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Monday, February 26, 2024

ASUCD 2023-2024 budget hearings result in major cuts to Entertainment Council, Creative Media budgets2

The hearings that took place on May 20 and 21 also resulted in increased funding for the creation of paid student positions 

 

By LILY FREEMAN — campus@theaggie.org 

 

The ASUCD 2023-2024 budget was debated and finalized over the weekend of May 20-21 during the annual budget hearings process. The $19 million budget was allocated to various sectors and organizations at UC Davis, according to the ASUCD Budget website, and the Senate had the final say in its distribution. 

Senator Jacob Klein explained the initial steps in the budget hearing process. He said that first, each unit and committee funded by ASUCD submits its proposed budget. The ASUCD President then creates an ASUCD-wide proposed budget to be presented based on the budgets proposed by unit and committee directors and their own judgment, and then this budget is deliberated and voted on by the ASUCD Senate. 

Senator Stephen Fujimoto explained the next steps in the hearing process, noting that the twelve senators have the final say in the budget under the ASUCD constitution. 

“Over the weekend of budget hearings, the Senate looks at the proposed budget of each unit, office, commission and committee and is able to make amendments before voting to adopt that budget,” Fujimoto said. “I think that is the biggest role a senator plays.” 

Senator Francisco Ojeda further outlined the hearings’ procedure. 

“During the weekend, senators have a chance to listen and ask questions to representatives from the inner ASUCD bodies,” Ojeda said. “Senators follow a procedure to then vote and close the budget for the specific inner body.” 

According to Fujimoto, eight of the 12 senators are required to approve any change to the budget. Senator Jacob Klein said that during these hearings, nearly every group seeks more funding than the initial proposed budget allots them. 

“Since the budget is perfectly balanced, for the Senate to allocate even one dollar more, we have to take one dollar from somewhere else,” Klein said. “That’s why it’s so important that we listen to each unit and committee in budget hearings so that we can provide money for the things we care about most.”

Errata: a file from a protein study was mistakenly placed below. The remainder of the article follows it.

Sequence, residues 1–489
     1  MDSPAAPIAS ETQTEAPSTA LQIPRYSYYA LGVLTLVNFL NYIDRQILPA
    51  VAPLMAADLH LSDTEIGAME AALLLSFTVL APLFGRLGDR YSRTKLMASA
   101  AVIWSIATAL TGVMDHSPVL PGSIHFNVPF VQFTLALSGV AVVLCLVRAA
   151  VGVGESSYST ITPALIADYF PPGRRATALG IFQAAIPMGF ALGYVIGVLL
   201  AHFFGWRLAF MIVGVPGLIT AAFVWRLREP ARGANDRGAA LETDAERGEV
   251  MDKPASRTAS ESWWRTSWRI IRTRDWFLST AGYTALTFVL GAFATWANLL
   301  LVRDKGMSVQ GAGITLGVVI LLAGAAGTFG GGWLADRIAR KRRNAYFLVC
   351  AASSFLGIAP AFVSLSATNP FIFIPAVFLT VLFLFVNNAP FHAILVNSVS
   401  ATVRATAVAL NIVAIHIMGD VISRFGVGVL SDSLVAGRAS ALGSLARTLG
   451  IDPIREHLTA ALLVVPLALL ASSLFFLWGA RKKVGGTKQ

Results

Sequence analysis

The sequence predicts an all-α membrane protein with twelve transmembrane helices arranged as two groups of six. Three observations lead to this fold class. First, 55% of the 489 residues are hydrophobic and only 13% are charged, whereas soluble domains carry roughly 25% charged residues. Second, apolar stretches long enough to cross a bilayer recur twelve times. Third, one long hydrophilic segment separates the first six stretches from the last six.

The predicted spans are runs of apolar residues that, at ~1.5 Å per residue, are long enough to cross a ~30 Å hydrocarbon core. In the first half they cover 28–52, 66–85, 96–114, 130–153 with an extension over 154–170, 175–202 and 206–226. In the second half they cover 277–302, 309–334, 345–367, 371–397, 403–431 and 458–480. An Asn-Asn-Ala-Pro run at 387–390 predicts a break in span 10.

Ojeda went on to explain the factors that went into his votes on the budget. 

“When it comes to considering changes to the budget, it is great to be shown how the unit is currently using its money,” Ojeda said. “How do students benefit from this? We also consider how much extra money they are looking for, and […] we need to have a plan of how much is feasible to relocate and where the money would come from.”  

Fujimoto also talked about the factors that he placed more weight on during these hearings.

“Personally, I weighed heavily the amount of students I believed would benefit from one allocation versus another,” Fujimoto said. “This meant I prioritized basic needs as well as funding for disability accessibility upgrades. Any student can benefit from increased ASUCD support for basic needs.” 

Klein detailed the major changes made to the budget — namely, a $180,000 cut to the budget for the Entertainment Council.

“Many senators were against this large of a cut, but since there was no room in the balanced budget, we voted to cut funds from Creative Media,” Klein said. “Additionally, more than $100,000 was allocated to Aggie Aid in the President’s proposed budget. This is a grant that gives emergency funding to students who have already exhausted all other aid and are at risk of things like eviction.” 

Fujimoto said that the cuts to Creative Media were used to fund more paid hours for ASUCD positions and the marketing budgets of other units. He went on to outline two new units that were incorporated into the 2023-2024 budget. 

“The ASUCD Senate recently established two new units, both of which I have had an opportunity to help create: the Innovation and Research Lab and the Pride Festival,” Fujimoto said. “The former received a final allocation of around $53,000 and the latter received an allocation of around $30,000. The Senate voted to increase both of these units’ budgets from the President’s proposed allocations.”

Senator Ojeda said that the Senate also voted for the budget to allow various previously volunteer or stipend-funded positions to become hourly-paid positions during the next academic year.

“ASUCD [is moving] away from stipend positions,” Ojeda said. “I’m happy to share that a large number of ASUCD student workers are now paid hourly. This is one step closer to achieving living wages for all ASUCD workers.” 

Klein concluded by highlighting how students are able to have a voice in the allocation of the budget each year. 

“Each budget meeting is open to the public, so students can advocate for changes in proposed budgets,” Klein said. “Additionally, students should talk to senators individually about prioritizing certain budgets.” 

The finalized budget for the 2023-2024 school year can be found on the ASUCD budget website. 

 

Written by: Lily Freeman — campus@theaggie.org